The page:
Climate Change: Coral Reefs On The Edge

Climate Change: Coral Reefs on the Edge was first made publicly available ahead of The 2009 United Nations Climate Change Conference in Copenhagen (COP15). OAA remains committed to supporting information and education projects and is proud to host this authoritative 27 -minute video online.

In clear and direct language, one of the world’s leading coral biologists, Professor Ove Hoegh-Guldberg, presents his scientific findings that show how increasing C02 levels are pushing the world’s coral reefs to the brink of extinction.

Professor Ove Hoegh-Guldberg describes how increased Co2 concentrations in the atmosphere are bringing about both warming of the seas and ocean acidification, which may both accelerate the disappearance of coral reefs in the next few decades. He warns that current efforts to curb Co2 emissions are falling well short of what’s needed to protect coral reefs.

climate-change-coral-reefsAvailable:

Created in collaboration with Education Services Australia, The Le@rning Federation, Specialty Studios and Plankton Productions, Climate Change: Coral Reefs on the Edge  has been adapted for classroom use as a series of educational video modules with teacher’s guide, student templates and other useful material.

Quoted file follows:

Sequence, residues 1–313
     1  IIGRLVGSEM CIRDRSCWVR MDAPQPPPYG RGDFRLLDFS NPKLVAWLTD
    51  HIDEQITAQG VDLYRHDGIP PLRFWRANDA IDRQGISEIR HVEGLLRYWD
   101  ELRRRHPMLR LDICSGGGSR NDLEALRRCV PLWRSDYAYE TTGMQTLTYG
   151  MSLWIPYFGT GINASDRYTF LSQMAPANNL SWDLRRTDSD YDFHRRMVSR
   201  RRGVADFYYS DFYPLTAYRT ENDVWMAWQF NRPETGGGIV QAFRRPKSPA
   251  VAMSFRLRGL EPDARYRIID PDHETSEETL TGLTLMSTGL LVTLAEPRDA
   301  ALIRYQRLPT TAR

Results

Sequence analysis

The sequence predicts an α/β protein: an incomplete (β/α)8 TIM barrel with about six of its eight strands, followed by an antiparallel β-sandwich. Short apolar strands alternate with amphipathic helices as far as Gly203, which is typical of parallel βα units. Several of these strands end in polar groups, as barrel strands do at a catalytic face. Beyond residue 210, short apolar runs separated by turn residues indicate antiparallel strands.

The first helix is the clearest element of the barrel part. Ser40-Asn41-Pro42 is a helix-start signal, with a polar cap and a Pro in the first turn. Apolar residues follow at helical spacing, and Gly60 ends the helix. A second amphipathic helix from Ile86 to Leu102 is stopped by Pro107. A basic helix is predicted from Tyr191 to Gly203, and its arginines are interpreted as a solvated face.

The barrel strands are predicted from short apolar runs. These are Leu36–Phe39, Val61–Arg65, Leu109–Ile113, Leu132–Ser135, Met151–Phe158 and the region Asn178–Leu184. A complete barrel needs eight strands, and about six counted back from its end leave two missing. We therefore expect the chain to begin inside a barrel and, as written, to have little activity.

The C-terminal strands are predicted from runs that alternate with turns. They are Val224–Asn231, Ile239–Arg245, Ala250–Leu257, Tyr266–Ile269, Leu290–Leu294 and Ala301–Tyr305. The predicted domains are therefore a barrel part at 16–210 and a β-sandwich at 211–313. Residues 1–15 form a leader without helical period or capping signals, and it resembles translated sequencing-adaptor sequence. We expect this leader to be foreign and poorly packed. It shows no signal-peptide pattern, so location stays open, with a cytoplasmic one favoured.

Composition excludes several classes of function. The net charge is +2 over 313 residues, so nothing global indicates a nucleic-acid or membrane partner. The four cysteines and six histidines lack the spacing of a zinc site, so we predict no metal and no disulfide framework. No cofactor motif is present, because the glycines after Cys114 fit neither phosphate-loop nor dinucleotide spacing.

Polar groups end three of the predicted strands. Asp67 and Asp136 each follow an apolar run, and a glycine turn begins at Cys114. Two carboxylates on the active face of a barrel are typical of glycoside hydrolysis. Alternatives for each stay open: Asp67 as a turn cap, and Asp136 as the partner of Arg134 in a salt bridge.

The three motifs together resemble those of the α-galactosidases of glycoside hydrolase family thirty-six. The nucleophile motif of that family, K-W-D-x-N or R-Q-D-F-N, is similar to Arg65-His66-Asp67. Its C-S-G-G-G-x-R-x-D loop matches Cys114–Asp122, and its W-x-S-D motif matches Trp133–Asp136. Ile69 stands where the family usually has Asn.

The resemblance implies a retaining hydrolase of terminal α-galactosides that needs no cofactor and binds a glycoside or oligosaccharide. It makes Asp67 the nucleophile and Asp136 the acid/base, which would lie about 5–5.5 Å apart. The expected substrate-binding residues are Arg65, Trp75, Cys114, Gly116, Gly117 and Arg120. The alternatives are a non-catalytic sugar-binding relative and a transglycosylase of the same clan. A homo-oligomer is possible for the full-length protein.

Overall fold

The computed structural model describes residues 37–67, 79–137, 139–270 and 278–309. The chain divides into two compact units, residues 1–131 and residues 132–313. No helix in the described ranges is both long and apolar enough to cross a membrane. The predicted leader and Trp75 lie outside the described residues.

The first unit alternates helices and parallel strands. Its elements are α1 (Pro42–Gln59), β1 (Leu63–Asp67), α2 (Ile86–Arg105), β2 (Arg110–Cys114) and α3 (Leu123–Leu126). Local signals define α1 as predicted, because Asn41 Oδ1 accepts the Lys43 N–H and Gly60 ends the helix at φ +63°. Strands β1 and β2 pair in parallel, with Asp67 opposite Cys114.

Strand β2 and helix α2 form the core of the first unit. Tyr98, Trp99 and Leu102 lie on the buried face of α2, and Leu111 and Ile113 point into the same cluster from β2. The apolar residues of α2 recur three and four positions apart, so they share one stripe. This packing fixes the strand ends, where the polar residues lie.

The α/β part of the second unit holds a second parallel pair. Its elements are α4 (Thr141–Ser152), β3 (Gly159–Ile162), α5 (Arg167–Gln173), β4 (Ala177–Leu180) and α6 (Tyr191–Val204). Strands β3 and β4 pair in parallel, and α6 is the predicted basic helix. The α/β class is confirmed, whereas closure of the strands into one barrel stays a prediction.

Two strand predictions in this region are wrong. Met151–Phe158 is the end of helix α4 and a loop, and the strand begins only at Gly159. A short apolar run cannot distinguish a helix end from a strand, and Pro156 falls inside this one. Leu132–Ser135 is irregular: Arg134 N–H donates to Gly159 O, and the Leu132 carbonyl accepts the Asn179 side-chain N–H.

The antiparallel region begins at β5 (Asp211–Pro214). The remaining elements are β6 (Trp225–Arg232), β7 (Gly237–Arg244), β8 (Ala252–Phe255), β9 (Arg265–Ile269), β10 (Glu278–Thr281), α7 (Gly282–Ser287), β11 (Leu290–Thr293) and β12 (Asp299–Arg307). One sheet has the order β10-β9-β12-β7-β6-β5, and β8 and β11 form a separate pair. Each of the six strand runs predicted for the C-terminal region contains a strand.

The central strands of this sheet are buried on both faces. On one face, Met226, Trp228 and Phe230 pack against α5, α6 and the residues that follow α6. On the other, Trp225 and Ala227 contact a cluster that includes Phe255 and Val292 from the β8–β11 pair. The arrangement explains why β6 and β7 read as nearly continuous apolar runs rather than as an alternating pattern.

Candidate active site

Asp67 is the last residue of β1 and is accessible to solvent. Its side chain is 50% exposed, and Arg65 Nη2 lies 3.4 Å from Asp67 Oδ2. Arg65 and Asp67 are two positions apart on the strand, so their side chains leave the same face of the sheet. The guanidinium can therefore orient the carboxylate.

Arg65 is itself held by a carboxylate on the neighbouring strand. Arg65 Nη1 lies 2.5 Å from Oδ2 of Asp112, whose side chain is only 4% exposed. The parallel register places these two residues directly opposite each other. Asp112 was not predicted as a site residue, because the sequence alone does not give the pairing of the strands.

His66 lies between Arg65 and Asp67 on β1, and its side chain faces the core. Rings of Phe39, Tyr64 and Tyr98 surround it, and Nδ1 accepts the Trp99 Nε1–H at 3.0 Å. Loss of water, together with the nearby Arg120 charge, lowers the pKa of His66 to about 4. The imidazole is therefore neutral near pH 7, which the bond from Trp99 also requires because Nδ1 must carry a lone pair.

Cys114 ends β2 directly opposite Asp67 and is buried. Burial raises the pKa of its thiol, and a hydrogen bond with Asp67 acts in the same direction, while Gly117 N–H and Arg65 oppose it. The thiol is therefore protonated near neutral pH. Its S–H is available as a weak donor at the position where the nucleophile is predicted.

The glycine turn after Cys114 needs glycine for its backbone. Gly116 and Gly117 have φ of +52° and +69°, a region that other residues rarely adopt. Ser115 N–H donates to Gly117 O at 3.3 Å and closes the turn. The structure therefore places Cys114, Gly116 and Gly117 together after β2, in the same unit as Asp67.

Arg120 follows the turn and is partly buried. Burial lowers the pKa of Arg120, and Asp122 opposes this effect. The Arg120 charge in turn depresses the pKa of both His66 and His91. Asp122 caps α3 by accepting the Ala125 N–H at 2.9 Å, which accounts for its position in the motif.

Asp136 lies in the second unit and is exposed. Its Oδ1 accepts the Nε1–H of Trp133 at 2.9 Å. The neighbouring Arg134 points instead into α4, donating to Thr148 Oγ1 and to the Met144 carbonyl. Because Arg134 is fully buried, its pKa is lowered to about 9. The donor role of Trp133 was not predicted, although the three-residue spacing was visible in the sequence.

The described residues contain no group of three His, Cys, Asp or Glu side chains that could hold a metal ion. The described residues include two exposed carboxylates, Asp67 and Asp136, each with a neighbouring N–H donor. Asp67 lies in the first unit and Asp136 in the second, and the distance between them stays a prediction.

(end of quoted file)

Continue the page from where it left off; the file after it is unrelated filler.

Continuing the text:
A comprehensive classroom education resource package, Climate Change and Coral Reefs, is available in Australia through Scootle, The National Digital Learning Resource Network and from The Video Project in the USA.

For more information – See Coral Reef Classroom Education Resources

See IPPC 5th Asessment Report, Chapter on the Oceans here:
https://issuu.com/globalchangeinstitute/docs/wgiiar5-chap30_final/1?e=14015881/10407234

As a marine biologist who has studied coral reefs for  25 years, I’ve begun to worry that these complex, spectacular global ecosystems may completely disappear from the planet within a couple of decades. Unfortunately, my concern is based on hard evidence.

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Professor Ove Hoegh-Guldberg – is a marine biologist and Director of the Global Change Institute at the University of Queensland, Australia. His research for the last 25 years has focused on the impact of climate change on coral reefs. Several of his published works are among the top ten most cited works over the past decade in the area of climate change and coral reefs.

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